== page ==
Ambiguity, a sense of uncertainty about what’s going on or what might happen, is part of life. We all need to be able to tolerate ambiguity, yet this isn’t always easy. This post explores dealing with the unknowns in life and how to handle it.
What in the World is Going on Right Now?
All around the globe, people are waiting to see what will happen after the seismic shift in the U.S. Presidential election. Many of my clients have spoken about a myriad of emotions, ranging from elation to grief, but all agree it’s uncomfortable to not know what might happen.
Our discomfort for not knowing is well grounded in experimental psychology. Research has shown that when given the choice, most people would prefer to receive an electrical shock immediately rather than wait and possibly be shocked later.
Daniel Gilbert, author of the best-selling book Stumbling on Happiness writes:
“Consider an experiment by researchers at Maastricht University in the Netherlands who gave subjects a series of 20 electric shocks. Some subjects knew they would receive an intense shock on every trial. Others knew they would receive 17 mild shocks and 3 intense shocks, but they didn’t know on which of the 20 trials the intense shocks would come. The results showed that subjects who thought there was a small chance of receiving an intense shock were more afraid — they sweated more profusely, their hearts beat faster — than subjects who knew for sure that they’d receive an intense shock”.
Two Ways to Handle Anxiety:
We can’t hope to eliminate ambiguity in our lives but we can manage our reactions to ambiguity in healthy ways using one of two techniques that the best cognitive behavioral therapists employ:
– The “Worst Case Scenario”
This CBT technique helps clients analyze their fears and address them in a logical way. Not knowing what will happen often leads to an unhealthy level of negative thinking and anxiety. People can be too quick to imagine horrible outcomes. The ‘Worst Case Scenario Technique’ is a seven-step process that individuals can use to confront and manage their fears about the outcome of an event, big or small. The technique can be summarized this way:
1. Picture one of your worries
2. Identify worries associated with that event.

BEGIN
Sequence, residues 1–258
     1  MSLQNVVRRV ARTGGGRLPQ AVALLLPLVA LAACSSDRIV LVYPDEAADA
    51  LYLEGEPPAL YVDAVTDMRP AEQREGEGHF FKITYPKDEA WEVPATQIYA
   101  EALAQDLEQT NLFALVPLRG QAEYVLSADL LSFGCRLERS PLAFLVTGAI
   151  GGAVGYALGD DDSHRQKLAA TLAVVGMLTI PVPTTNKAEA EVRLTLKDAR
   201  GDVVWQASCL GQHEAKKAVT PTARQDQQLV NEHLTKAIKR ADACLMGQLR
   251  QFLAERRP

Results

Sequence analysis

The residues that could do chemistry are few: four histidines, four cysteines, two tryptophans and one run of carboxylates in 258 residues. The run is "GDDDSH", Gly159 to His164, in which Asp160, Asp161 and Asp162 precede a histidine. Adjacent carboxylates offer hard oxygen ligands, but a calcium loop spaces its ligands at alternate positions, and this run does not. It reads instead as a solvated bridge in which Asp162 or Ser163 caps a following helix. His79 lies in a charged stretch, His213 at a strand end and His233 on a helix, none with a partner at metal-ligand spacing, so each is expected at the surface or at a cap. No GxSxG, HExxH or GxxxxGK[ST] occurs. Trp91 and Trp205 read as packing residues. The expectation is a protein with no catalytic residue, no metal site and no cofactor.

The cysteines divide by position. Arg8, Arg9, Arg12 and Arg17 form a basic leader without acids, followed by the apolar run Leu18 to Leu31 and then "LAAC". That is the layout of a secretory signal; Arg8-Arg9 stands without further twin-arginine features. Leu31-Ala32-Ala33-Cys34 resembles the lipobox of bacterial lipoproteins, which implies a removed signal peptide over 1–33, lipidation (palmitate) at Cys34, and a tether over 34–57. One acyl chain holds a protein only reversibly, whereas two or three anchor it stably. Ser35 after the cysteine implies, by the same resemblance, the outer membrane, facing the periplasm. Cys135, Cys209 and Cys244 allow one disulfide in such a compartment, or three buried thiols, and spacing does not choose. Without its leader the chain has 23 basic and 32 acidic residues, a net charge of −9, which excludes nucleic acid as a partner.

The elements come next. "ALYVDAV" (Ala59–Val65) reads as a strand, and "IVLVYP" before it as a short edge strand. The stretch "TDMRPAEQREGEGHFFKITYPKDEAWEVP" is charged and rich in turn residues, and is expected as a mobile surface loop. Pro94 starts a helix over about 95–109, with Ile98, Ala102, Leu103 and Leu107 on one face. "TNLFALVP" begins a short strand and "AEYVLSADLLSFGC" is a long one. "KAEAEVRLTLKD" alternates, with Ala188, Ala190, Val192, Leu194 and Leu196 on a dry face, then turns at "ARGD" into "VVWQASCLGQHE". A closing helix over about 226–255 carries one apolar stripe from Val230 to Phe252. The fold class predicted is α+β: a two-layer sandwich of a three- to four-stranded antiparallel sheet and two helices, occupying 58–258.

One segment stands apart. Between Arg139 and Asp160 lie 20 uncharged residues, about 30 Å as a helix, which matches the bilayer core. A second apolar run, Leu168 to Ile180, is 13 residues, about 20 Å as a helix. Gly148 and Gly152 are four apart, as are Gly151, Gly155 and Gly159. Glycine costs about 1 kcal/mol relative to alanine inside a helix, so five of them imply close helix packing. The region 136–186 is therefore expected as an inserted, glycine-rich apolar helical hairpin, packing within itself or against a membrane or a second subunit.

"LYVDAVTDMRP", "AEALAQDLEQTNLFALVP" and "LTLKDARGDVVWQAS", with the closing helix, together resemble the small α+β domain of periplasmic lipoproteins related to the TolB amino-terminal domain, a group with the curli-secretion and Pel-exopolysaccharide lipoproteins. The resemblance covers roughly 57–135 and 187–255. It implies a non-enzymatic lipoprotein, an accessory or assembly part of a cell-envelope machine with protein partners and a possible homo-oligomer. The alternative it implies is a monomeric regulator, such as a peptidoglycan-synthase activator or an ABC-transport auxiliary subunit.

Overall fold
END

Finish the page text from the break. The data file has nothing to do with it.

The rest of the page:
3. List the worries that come from that worry.
4. Use if/then thinking to deal with each worry.
5. Acknowledge your ability to cope with the outcome.
6. Work out how you would handle a “worst case scenario” if it happens.
7. Choose a final image or phrase to use against your worries.
– The A.C.C.E.P.T.S Technique
If you find that your rumination is unproductive or gets in the way of doing things you enjoy, temporary distractions can be immensely useful. When there is no way to control an outcome and you find yourself emotionally flooded, it’s time to shift course to a more productive way of doing things. Consciously choosing to focus on something for a time gives your mind some rest and relief. The acronym A.C.C.E.P.T.S stands for distraction techniques individuals can use to feel better fast:
1. Activities – Do some housework or go for a walk.
2. Contributing – Do a little volunteer work
3. Comparisons – Compare your new self to your old self, or yourself to others.
4. Emotions – Do something to evoke the opposite of a negative emotion.
5. Pushing Away – Consciously push the distressing thoughts away.
6. Thoughts – Think about anything else that you can concentrate on.
7. Sensations – Do something positive to engage your senses.
Learn to use one or two of those strategies whenever ongoing ambiguity becomes a real burden. While practicing under the guidance of a therapist can be useful, the techniques themselves are easy to understand.
Quiz: How Well Do You Manage Uncertainty?
Everyone has a different level of tolerance for ambiguity. Wondering how good you are at tolerating ambiguity? There is an easy way to find out. The Tolerance for Ambiguity scale will tell you. You will respond to a set of 16 statements about your attitudes and behaviors. Whether your score is particularly high, or lower than you expected, it is interesting to know where you stand. This information might also be helpful to a therapist who you consult to help you manage anxiety.
Life is full of suspense….. Public reactions to the 2016 presidential election makes it clear that uncertainty about the future can throw the best of us. We all face personal circumstances that create unhelpful worry and stress. If so, using distraction techniques or working out the worst case scenario and how you can respond constructively can be key cognitive behavioral therapy interventions that you can use to help you feel more grounded and engaged with the real world.